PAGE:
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Email motherhealth@gmail.com , a wholesaler for Life Extension for discounted AMPK activator. Do exercise and do not over eat.

Seafood/plant-based omega-3 fatty acids lower heart disease incidence

Results  The 19 studies comprised 16 countries, 45 637 unique individuals, and 7973 total CHD, 2781 fatal CHD, and 7157 nonfatal MI events, with ω-3 measures in total plasma, phospholipids, cholesterol esters, and adipose tissue. Median age at baseline was 59 years (range, 18-97 years), and 28 660 (62.8%) were male.

In continuous (per 1-SD increase) multivariable-adjusted analyses, the ω-3 biomarkers ALA, DPA, and DHA were associated with a lower risk of fatal CHD, with relative risks (RRs) of 0.91 (95% CI, 0.84-0.98) for ALA, 0.90 (95% CI, 0.85-0.96) for DPA, and 0.90 (95% CI, 0.84-0.96) for DHA.

Although DPA was associated with a lower risk of total CHD (RR, 0.94; 95% CI, 0.90-0.99), ALA (RR, 1.00; 95% CI, 0.95-1.05), EPA (RR, 0.94; 95% CI, 0.87-1.02), and DHA (RR, 0.95; 95% CI, 0.91-1.00) were not.

Significant associations with nonfatal MI were not evident. Associations appeared generally stronger in phospholipids and total plasma. Restricted cubic splines did not identify evidence of nonlinearity in dose responses.

Conclusions and Relevance  On the basis of available studies of free-living populations globally, biomarker concentrations of seafood and plant-derived ω-3 fatty acids are associated with a modestly lower incidence of fatal CHD.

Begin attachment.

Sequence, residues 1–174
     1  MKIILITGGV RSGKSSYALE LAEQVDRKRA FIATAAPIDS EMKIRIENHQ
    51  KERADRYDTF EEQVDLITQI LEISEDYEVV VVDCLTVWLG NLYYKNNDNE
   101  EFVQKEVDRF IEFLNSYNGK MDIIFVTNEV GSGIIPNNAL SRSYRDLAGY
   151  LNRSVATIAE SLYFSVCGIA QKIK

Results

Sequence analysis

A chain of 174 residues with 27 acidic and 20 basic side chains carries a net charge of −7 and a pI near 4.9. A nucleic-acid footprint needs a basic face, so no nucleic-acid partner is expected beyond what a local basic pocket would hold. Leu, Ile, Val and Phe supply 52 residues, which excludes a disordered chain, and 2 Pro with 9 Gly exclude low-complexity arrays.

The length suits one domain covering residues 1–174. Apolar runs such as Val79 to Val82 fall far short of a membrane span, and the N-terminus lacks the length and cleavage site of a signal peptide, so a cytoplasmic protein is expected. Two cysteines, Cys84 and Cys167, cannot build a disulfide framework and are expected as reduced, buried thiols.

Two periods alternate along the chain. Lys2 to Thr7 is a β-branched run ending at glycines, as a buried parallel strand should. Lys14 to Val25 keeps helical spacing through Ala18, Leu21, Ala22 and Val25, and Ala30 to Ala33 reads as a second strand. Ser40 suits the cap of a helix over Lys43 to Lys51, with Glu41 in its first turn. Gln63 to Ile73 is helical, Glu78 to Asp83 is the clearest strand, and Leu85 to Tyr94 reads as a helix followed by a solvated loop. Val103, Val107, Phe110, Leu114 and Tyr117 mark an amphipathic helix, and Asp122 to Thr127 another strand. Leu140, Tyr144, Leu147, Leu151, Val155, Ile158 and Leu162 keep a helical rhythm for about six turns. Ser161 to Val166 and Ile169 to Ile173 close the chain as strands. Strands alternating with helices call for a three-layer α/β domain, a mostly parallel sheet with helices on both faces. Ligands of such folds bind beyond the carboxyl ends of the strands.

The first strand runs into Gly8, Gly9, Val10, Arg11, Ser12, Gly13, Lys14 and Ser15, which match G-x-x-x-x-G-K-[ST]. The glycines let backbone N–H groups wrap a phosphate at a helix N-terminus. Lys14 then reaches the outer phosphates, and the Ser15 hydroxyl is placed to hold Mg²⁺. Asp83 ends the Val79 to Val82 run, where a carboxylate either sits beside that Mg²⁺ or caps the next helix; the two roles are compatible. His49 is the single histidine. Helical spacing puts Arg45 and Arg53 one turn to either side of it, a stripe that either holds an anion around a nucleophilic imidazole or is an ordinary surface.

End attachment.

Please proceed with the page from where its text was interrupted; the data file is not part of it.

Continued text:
http://archinte.jamanetwork.com/article.aspx?articleid=2530286

 

Yerba buena for head aches, fever and other ailments

YerbaPD2 YerbaPD3

Botany Hierba buena is a prostrate, smooth , much-branched, usually purplish, strongly      aromatic herb, with stems growing up to 40 centimeters long, with ultimate ascending terminal      branches. Leaves are elliptic to oblong-ovate, 1.5 to 4 centimeters long,      short-stalked with toothed margins, and rounded or blunt tipped. Flowers are hairy and purplish to bluish, borne in axillary headlike whorls. Calyx teeth are triangular or lanceolate and hairy; the corolla is also hairy.

Distribution – Native of Europe.       –       Introduced by the Spaniards.       – Widely  cultivation to some extent in all parts of  the Philippines.       – Thrives well at high elevations; rarely flowers in lowlands.

Constituents                       – Plant yields a volatile oil (0.22%) containing pulegone, menthol, menthene,           menthenone and limonene.            – Study showed the shoot leaf gave the highest yield of oil, 0.62%; while the stems had negligible yield. Menthol was the major component of all the oils. Other oils identified were: B-caryophyllene oxide, a-phellandrene, terpinolene, limonene, menthone and pulegone.            – Phytochemical screening of powdered plant samples (root, stem, and leaves) yielded alkaloids, polyphenols, flavonoids, tannins, saponins, cardiac glycosides, and diterpenes.

Properties – Carminative, stimulant, stomachic,           aromatic, antiseptic, antispasmodic, sudorific, emmenagogue.           – Oil is rubefacient and stimulant. – Tops and leaves are carminative.
Parts utilized
Leaves and stems.